A drum "hoop" or "rim" may be made of metal, wood, or other materials and is used to hold a drumhead against a drum shell, either with bolts through metal "claws" attached directly to a hoop, or bolts through holes in a flanged rim. The bolts, called "tension rods," are screwed into threaded "lugs" attached to the drum shell, in order to tighten and tune the drumhead. A "drum key" is a type of wrench often used to screw the tension rods into the lugs.
Drum "badges" are labels attached to a drum shell used to identify the manufacturer of a drum. Often the serial number of the drum will also be on the badge, and the "vent" hole for two-sided drums is often placed through the badge with a grommet.
Metal stands and holders are used to support percussion instruments or microphones. Floor stands are often tripods and telescoping. Snare drum stands have three arms as a "basket" to cradle the drum. Tom-Tom stands and holders may sit on the floor or be clamped through a mounting bracket on top of a bass drum, and have extending rods which attach to clamps on the tom-tom. Cymbal stands have a threaded bolt or "cymbal post" to hold a cymbal down with a nut. Cymbal "stackers" allow additional cymbals to be added to an existing stand.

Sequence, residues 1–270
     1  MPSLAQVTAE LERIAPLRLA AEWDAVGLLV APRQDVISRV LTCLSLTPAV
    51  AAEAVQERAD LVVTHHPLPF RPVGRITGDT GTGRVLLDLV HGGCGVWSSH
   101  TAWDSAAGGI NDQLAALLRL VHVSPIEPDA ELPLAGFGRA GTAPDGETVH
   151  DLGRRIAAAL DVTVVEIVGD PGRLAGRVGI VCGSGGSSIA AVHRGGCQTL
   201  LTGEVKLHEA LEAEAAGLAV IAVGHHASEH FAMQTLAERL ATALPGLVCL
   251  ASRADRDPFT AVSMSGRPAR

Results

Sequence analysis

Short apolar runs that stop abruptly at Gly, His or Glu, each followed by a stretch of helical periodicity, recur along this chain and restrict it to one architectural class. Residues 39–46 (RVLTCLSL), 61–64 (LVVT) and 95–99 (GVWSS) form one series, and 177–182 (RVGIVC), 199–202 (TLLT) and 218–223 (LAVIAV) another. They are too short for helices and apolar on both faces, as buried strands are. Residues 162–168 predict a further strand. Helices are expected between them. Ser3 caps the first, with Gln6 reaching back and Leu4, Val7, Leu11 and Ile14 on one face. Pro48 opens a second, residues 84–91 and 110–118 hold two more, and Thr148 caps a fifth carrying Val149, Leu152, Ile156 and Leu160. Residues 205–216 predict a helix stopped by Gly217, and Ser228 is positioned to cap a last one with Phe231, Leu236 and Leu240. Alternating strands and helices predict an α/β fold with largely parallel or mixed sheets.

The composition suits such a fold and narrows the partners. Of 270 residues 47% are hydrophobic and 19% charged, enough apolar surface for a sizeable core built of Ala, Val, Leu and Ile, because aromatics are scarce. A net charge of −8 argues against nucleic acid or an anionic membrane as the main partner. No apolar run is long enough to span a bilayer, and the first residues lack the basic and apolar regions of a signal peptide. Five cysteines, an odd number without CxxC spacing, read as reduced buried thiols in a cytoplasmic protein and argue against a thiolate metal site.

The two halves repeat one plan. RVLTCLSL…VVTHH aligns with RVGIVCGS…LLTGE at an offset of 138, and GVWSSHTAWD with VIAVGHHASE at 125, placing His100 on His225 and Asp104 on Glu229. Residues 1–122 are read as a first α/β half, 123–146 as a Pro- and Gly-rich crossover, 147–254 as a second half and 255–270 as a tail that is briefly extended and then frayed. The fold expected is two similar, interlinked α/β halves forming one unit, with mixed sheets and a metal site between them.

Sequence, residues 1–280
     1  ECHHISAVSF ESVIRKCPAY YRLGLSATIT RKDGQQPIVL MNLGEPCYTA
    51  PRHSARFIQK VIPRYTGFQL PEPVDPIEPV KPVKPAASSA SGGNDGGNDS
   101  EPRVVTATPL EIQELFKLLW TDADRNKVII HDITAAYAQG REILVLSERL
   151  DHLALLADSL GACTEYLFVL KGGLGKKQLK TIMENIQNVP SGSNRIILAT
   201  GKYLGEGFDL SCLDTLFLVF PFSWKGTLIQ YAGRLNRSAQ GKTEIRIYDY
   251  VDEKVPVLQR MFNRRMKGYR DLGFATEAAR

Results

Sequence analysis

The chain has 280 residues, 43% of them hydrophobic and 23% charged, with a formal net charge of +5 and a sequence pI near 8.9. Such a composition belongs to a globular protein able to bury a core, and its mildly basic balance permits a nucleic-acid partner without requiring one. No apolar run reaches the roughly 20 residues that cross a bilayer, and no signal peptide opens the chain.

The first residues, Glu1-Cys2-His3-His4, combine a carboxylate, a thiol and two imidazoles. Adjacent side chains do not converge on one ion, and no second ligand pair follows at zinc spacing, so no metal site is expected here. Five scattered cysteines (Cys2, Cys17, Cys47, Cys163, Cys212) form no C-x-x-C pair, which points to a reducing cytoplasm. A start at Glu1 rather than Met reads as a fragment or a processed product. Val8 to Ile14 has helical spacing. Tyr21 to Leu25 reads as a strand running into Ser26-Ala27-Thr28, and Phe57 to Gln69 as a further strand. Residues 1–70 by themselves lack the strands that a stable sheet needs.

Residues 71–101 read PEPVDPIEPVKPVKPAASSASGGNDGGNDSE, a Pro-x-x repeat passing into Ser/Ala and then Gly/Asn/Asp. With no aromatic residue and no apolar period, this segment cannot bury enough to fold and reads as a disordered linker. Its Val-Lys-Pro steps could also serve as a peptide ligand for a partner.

Tom-tom and cymbal stands may have a "boom arm" attached to extend holder reach, and a "tilter" to move instruments into a desired position. Smaller "clamp holders" may also be used to attach more instruments to existing stands. Drum "racks" are stands surrounding a drum kit onto which percussion instrument holders may be clamped. "Memory locks" are clamps used to make drum and telescoping positions permanent.
Hi-hat stands, remote hi-hats, and X-hats are also considered to be hardware.